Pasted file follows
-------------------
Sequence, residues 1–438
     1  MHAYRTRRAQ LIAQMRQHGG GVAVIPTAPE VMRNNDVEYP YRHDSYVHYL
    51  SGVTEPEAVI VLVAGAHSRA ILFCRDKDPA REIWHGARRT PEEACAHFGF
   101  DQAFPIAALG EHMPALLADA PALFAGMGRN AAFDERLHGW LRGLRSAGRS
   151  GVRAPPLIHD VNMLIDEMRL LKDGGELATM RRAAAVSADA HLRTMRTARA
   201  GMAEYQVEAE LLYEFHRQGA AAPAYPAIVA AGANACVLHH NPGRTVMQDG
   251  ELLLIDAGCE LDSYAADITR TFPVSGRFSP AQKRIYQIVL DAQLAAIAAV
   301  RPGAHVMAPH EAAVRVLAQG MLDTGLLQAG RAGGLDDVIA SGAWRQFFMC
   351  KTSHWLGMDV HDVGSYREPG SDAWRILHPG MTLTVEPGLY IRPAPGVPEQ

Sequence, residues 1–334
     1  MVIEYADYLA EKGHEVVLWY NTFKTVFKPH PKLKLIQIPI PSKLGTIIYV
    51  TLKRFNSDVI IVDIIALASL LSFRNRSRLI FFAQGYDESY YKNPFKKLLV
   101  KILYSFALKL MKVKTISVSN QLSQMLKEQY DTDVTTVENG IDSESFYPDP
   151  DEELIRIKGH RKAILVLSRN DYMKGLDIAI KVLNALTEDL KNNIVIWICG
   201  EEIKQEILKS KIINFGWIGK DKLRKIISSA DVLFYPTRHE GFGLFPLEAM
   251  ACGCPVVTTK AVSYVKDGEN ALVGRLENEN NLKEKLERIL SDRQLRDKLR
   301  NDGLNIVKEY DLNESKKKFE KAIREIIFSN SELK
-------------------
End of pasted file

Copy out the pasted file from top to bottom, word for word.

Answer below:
Sequence, residues 1–438
     1  MHAYRTRRAQ LIAQMRQHGG GVAVIPTAPE VMRNNDVEYP YRHDSYVHYL
    51  SGVTEPEAVI VLVAGAHSRA ILFCRDKDPA REIWHGARRT PEEACAHFGF
   101  DQAFPIAALG EHMPALLADA PALFAGMGRN AAFDERLHGW LRGLRSAGRS
   151  GVRAPPLIHD VNMLIDEMRL LKDGGELATM RRAAAVSADA HLRTMRTARA
   201  GMAEYQVEAE LLYEFHRQGA AAPAYPAIVA AGANACVLHH NPGRTVMQDG
   251  ELLLIDAGCE LDSYAADITR TFPVSGRFSP AQKRIYQIVL DAQLAAIAAV
   301  RPGAHVMAPH EAAVRVLAQG MLDTGLLQAG RAGGLDDVIA SGAWRQFFMC
   351  KTSHWLGMDV HDVGSYREPG SDAWRILHPG MTLTVEPGLY IRPAPGVPEQ

Sequence, residues 1–334
     1  MVIEYADYLA EKGHEVVLWY NTFKTVFKPH PKLKLIQIPI PSKLGTIIYV
    51  TLKRFNSDVI IVDIIALASL LSFRNRSRLI FFAQGYDESY YKNPFKKLLV
   101  KILYSFALKL MKVKTISVSN QLSQMLKEQY DTDVTTVENG IDSESFYPDP
   151  DEELIRIKGH RKAILVLSRN DYMKGLDIAI KVLNALTEDL KNNIVIWICG
   201  EEIKQEILKS KIINFGWIGK DKLRKIISSA DVLFYPTRHE GFGLFPLEAM
   251  ACGCPVVTTK AVSYVKDGEN ALVGRLENEN NLKEKLERIL SDRQLRDKLR
   301  NDGLNIVKEY DLNESKKKFE KAIREIIFSN SELK